Saturday, 2 February 2013

Summer in a Canberra garden

Sunday, 1pm - and I am looking out the window and giving thanks for the recent rains after such a long  hot dry spell.
I was seriously worried that the camellias that surround my paved courtyard would expire from the intense, and relentless, over 40 degree heat.  However, they are looking better since we've had a couple of decent falls of rain.

The ones in this corner in particular were suffering, as they are not protected by the japanese maple in the other corner.  As you can see, the erigeron edge/hedge is also looking a bit scrappy - I cut it back last weekend so hopefully it will reinvigorate for autumn.  It was hard work keeping the water up to them all during the heat wave.
All the camellias are 'Beatrice Emily'.  They get lovely pale pink flowers, with heart shaped petals and a yellow centre.  They have been in for a few years now - quite slow growing but I am looking foward to the day when they are a wall of cool, lush dark green.

I watered the vegie patch religiously during the heat wave, and things are starting to come to fruition . . . . .  including the plum tree, which is only a couple of years old and is fruiting like Billio!  (It's a 'Luisa' self-fertile variety)  here's a picture of my tree today:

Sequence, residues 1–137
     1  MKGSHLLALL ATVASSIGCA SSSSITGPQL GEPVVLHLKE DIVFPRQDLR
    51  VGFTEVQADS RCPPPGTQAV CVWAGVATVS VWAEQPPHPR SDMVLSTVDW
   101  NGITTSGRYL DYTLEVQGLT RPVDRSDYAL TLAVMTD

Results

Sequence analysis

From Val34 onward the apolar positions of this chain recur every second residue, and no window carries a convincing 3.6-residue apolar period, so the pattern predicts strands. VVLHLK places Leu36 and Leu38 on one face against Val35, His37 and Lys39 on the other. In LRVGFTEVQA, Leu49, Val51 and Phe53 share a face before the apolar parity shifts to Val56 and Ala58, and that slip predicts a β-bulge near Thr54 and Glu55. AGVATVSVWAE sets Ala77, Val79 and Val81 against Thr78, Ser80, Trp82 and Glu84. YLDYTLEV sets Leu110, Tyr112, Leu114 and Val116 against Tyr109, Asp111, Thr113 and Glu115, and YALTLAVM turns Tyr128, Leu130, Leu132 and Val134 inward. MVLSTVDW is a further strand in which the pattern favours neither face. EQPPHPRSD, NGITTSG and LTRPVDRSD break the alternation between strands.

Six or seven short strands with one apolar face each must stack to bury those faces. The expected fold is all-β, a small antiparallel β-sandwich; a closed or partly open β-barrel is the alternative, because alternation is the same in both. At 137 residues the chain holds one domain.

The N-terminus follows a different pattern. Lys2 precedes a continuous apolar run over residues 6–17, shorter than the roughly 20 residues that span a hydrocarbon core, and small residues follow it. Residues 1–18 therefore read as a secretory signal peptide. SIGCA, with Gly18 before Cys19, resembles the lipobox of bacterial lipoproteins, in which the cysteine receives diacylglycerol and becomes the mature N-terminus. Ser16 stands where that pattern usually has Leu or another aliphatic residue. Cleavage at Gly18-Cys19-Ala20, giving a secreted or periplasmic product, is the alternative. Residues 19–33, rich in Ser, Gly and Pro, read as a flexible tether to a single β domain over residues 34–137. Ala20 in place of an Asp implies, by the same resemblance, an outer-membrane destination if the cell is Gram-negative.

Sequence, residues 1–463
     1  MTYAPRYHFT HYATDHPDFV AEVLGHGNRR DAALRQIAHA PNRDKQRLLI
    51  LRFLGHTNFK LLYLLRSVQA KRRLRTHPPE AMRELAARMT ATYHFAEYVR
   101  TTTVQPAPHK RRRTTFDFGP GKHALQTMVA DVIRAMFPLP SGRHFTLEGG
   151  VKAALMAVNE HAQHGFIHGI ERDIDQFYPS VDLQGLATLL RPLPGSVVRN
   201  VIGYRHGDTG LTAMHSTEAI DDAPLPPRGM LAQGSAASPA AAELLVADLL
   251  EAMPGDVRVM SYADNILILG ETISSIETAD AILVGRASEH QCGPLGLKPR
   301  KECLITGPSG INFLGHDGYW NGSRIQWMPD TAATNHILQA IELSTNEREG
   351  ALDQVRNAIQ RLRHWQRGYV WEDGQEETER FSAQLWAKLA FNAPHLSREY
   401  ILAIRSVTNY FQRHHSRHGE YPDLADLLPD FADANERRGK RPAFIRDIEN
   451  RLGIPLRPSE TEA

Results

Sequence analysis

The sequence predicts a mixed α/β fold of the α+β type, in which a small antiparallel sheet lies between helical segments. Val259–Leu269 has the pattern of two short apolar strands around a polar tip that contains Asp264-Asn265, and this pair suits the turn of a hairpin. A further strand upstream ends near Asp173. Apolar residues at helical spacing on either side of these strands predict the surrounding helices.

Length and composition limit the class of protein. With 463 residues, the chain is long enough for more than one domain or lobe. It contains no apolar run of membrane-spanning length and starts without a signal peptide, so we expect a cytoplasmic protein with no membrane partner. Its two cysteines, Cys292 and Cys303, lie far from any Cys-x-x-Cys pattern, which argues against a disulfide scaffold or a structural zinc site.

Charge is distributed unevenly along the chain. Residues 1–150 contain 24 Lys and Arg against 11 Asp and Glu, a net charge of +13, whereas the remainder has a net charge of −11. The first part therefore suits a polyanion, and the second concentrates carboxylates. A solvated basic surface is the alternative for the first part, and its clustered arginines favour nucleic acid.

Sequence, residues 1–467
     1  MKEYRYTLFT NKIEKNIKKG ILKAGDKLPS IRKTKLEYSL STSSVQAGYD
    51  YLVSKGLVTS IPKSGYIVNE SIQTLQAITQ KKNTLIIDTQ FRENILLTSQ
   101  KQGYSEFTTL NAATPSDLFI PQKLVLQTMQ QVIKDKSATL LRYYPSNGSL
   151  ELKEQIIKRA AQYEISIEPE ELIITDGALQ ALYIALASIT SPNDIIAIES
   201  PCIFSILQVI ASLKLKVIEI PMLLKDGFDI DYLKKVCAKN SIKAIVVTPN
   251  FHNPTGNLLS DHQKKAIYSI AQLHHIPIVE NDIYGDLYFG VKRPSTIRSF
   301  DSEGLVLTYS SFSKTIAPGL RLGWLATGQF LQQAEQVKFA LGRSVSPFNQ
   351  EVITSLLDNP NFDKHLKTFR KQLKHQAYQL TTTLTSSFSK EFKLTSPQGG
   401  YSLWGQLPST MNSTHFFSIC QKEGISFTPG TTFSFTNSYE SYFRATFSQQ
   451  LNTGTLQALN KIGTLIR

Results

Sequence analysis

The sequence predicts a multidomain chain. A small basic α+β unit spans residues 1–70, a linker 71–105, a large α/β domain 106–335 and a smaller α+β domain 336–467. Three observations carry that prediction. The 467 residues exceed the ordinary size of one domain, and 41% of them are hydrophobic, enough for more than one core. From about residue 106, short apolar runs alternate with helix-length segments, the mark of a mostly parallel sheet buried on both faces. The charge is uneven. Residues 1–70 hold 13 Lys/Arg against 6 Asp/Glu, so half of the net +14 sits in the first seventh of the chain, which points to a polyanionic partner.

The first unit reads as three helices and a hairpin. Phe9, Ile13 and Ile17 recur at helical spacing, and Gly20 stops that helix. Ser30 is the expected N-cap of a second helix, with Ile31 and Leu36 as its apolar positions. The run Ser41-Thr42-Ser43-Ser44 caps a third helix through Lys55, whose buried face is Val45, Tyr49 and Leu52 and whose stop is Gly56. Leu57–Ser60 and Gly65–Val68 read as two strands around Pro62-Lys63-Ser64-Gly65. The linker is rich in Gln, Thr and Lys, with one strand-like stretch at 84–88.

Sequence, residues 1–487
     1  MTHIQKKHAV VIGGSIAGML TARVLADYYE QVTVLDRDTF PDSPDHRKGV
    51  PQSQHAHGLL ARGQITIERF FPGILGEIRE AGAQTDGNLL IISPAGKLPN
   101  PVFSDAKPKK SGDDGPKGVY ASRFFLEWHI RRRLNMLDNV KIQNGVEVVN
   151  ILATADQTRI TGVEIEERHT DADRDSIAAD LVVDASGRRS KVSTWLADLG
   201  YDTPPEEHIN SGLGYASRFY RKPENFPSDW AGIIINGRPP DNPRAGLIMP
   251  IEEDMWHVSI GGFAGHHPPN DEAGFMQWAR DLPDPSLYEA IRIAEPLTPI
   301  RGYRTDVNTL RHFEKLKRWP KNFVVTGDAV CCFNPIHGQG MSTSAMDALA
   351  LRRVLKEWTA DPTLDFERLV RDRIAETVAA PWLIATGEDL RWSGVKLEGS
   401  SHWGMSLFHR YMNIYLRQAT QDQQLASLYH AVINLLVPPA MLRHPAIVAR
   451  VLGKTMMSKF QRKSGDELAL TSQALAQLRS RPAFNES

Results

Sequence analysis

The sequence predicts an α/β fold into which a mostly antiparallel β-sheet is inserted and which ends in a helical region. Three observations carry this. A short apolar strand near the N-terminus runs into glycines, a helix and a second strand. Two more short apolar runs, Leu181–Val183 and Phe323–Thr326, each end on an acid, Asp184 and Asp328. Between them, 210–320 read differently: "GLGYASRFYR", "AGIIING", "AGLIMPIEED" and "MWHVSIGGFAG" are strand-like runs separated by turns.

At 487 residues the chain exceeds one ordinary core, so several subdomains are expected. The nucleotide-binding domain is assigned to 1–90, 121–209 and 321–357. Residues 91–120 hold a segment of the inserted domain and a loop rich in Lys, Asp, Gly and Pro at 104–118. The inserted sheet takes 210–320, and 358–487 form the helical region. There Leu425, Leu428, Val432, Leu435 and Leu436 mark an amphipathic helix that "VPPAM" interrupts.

I constructed my vegie patch (below) a few years ago, from pavers left over from the courtyard, and it has been serving me well ever since.  Above are a few remaining spring onions next to the 'Blue' Lake' and 'Puple King' beans (the beans are only on one stake - that was a mistake! they need a whole trellis each!)  There is also a small tomato bush in the left corner, which is a Roma, courtesy of my daughter and her boyfriend, who had sown a few too many for their space.

In the distance is a tomato and several basil plants - see the close up, below.  This is my favourite tomato variety of all time, the Tommy Toe, together with one of my basil plants:

Tommy Toe is so tasty you can just pick 'em off the plant and eat em, no need for salt or pepper; and are just delicious on a sanger.  They are a large-ish cherry tomato, which means they foil the wretched fruit fly!  We have only had a few tomatoes ripen so far this year - I suspect that the long period of extreme heat caused them to go 'on hold'.  We usually get the first fruits in January.  However there are lots about to ripen - looks like we're in for a glut!

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